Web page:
18 April 2013

Nigeria: 1.8 Million Nigerian Children Orphaned By HIV/Aids Related Death - Official

Hajia Salimot Lawal, the Kwara Ministry of Health Coordinator for HIV/AIDS, said on Thursday that more than 1.8 million Nigerian children had been orphaned by HIV and AIDS- related deaths.

Lawal gave the piece of information at a five-day capacity building workshop in Omu-Aran, organised for primary and basic health workers in the 16 local government areas of the state.

The workshop, being attended by no fewer than 100 persons, is aimed at improving the knowledge of the workers on HIV/AIDS testing and counselling.

According to Lawal, Nigeria has an estimated 4.4 per cent HIV prevalence rate and 3.9 million people living with the virus.

She said that the infection had continued in spite of the concerted efforts aimed at halting and reversing the spread of HIV and AIDS by stakeholders.

" Nigeria remains among the top five countries of the world in terms of HIV and AIDS burden.

"More than 1.8 million children have been orphaned since the first reported case in the country in 1986," Lawal said.

She said the workshop was informed by the desire to prepare the workers for the challenge ahead, particularly in the areas of testing and counselling, to encourage people to know their status.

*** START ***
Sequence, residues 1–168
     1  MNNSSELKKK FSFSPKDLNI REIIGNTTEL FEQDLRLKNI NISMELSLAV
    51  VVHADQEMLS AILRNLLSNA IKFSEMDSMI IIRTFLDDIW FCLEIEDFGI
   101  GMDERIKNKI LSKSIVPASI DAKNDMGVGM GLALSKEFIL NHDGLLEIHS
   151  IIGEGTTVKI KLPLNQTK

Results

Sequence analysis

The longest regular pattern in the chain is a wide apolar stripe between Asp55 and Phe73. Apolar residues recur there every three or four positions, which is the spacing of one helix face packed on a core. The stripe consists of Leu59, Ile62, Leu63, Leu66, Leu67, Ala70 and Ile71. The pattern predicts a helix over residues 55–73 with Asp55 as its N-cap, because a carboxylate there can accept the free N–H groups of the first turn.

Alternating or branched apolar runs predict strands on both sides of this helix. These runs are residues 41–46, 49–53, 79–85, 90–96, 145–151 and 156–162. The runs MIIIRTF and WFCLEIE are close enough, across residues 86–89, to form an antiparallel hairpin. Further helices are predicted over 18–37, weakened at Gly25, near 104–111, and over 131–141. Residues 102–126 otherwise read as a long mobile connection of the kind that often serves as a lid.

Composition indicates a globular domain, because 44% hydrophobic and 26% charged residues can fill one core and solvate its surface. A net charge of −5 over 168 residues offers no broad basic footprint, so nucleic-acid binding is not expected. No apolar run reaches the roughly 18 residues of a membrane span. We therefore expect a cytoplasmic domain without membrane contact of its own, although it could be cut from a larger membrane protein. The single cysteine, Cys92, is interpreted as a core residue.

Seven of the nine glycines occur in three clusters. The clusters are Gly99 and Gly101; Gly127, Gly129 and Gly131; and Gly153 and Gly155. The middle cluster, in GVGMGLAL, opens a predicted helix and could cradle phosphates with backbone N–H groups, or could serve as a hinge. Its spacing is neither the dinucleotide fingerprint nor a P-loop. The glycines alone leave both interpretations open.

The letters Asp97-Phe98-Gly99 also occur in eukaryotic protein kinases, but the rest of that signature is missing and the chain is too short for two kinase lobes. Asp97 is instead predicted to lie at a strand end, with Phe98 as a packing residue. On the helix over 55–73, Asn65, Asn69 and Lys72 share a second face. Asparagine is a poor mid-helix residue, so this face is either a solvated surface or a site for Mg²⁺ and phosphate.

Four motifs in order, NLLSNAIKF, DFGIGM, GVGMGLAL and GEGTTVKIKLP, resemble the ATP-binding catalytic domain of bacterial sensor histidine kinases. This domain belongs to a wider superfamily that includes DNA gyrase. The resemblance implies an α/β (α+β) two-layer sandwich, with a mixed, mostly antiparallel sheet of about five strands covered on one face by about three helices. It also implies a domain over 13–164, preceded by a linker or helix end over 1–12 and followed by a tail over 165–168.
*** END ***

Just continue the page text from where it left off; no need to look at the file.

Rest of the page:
Lawal said that the target was Prevention of Mother- To-Child Transmission (PMTC) through adequate testing and counselling to achieve zero tolerance to HIV and AIDS infections.

She said that Mother-To-Child Transmission (MTCT) of HIV accounted for three to 10 per cent of HIV infections in Nigeria.

Lawal, however, said, "with introduction of the core MTCT interventions in the developed countries, the rates has fallen to as low as two per cent.

"The entry point for PMTCT services is through HIV testing of pregnant women attending antenatal care.

"In all settings, HIV testing and counselling should be offered to all pregnant women seeking these services and service providers should also mobilise them to go for testing."

She listed the benefits of testing and counselling as reinforcement of safer sex practices and empowering HIV-negative pregnant woman to remain negative.

Lawal also highlighted part of the challenges facing HIV and AIDS testing and counselling to include additional workload and stress for healthcare providers carrying out counselling.

Mrs Bosede Alabi, a participant from Oko-Erin Health Centre, Ilorin, said the workshop would afford her the opportunity to allay the fears of people coming for the HIV and AIDS testing. (NAN)

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